Writers: Jason Aaron, Peach Momoko, and Torunn Grønbekk
Artists: Leonard Kirk, Peach Momoko, and Klaus Janson
Cover Artist: Alex Maleev
Publisher: Marvel Comics
Witness the famous Dark Lord of the Sith in action. This time in black and white with a little bit of red for good measure. See new stories told from Marvel Comics’ writers featuring Darth Vader illustrated in a Black, White & Red series. Read the new Star Wars: Darth Vader – Black, White & Red #1 to see new dark tales of everyone’s favorite Sith Lord.
If you’re interested in this comic, series, related trades, or any of the others mentioned, then simply click on the title/link to snag a copy through Amazon as you read the Star Wars: Darth Vader – Black White & Red #1 Review.
To be honest, I didn’t know what to expect from this series. Marvel Comics’ usual Black, White and Red series tend to be hit or miss, like the Carnage one. On top of that, the various Darth Vader anthology series that have come out in the past five or so years have also been hit and miss, with many being misses. All I’ll say about this issue is that at least two out of three stories are good, so that’s a start. Fair warning, this review will have some SPOILERS here and there.
The first story of this anthology is called “Hard Shutdown Part 1” and is written by Jason Aaron and illustrated by Leonard Kirk. For readers who are unfamiliar with my reviews of Jason Aaron’s Avengers run, I am not his biggest fan when it comes to his writing, but for he actually does a good job here. The story is that Darth Vader was messaged about the death of an infamous scientist and came for information of his whereabouts. Turns out, it was all an ambush. Shocker. But it’s really more of an excuse to see Darth Vader in action killing fools, but things don’t end how many will predict. And that’s good because this is only part one of a four part story that will be featured in all four issues.
The second story isn’t really much of a story to be honest. It’s called “Inescapable” and is both written and illustrated by Peach Momoko. I said it’s not much of a story because there are no spoken words or anything, you just have to gleam the story yourself. The plot is pretty simple: some random young woman is haunted by Darth Vader and is trying to run away from him in her dreams which turn into a nightmare. I’m not familiar with Peach Momoko’s work in previous comics, but she nails it here. The story just feels like an excuse to draw all kinds of cool surreal Darth Vader imagery and readers will get that in spades in this story.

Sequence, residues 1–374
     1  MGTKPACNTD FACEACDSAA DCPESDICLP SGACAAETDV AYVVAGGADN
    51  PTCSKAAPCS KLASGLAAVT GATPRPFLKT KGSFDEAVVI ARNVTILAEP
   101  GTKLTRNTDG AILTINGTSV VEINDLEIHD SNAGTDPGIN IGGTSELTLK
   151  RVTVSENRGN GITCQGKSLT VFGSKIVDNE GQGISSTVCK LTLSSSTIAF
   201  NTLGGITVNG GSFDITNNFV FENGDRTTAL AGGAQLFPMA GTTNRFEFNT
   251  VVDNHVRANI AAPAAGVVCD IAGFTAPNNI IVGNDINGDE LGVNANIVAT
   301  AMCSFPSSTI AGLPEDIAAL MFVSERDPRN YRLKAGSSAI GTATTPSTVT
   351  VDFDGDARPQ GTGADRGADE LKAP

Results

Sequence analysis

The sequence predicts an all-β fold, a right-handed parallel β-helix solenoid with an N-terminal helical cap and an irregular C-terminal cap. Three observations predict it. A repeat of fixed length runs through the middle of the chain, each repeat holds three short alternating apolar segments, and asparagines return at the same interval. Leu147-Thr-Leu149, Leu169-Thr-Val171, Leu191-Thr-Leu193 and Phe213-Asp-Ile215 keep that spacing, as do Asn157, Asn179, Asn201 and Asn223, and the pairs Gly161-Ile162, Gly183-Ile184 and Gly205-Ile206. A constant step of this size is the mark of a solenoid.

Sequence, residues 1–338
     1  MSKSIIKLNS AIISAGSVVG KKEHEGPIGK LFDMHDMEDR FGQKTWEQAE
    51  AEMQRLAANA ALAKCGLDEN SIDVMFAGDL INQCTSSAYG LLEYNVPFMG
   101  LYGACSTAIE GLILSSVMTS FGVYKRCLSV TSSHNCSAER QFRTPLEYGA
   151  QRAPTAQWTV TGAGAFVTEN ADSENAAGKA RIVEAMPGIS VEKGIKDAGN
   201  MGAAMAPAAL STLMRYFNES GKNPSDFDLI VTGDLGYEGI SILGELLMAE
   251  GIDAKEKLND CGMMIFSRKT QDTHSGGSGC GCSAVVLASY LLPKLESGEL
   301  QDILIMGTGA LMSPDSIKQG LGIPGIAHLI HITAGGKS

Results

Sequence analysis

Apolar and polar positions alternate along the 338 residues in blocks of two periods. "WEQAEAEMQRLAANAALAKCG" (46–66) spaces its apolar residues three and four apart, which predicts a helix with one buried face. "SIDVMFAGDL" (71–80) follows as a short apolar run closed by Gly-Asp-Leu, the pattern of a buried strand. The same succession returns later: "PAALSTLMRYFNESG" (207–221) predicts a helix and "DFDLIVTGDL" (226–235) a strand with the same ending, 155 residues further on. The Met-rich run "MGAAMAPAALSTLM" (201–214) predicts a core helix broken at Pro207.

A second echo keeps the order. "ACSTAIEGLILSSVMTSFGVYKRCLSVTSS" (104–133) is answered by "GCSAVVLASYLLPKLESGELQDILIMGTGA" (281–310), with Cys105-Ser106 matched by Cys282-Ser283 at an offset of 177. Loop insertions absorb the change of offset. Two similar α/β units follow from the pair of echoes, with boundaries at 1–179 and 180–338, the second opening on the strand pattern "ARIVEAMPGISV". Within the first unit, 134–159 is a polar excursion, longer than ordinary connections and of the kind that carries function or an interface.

Then there’s the third and final story in this issue called “Dissolution of Hope” and is written by Torunn Grønbekk and drawn by Klaus Janson. Honestly, this is the worst of the three. The premise is that there is a big party being thrown by Imperial big-wigs near a base and a rebel faction plan a terrorist attack that seemingly goes off without a hitch only for it to be undone by Vader in the end, who was watching them the whole time.
And during this whole story, Grønbekk has narration that is supposed to be Darth Vader, but the voice is off and doesn’t feel like Vader at all in many respects. The choice of wording, the tone, and even some of his thoughts being narrated are all too casual for Darth Vader. Then there’s the art which isn’t that bad when Vader’s on the scene, but that’s only at the tail-end of the story and readers are stuck with less compelling characters for the majority of it.
Star Wars: Darth Vader – Black, White & Red #1 brings Vader fan three new tales featuring their favorite Sith Lord. While anthologies from Marvel Comics are not alway that great, even in the Black, White and Red series, this issue at least is okay. Two out of the three stories in the comic are good. The first story is an ongoing story that’s good and will carry over into all four issues. Then there’s the second story written and drawn by Peach Momoko, and this one steals the show as the best in this issue with its cool and surreal Darth Vader imagery. Hopefully the next issue of the series will keep up the pace.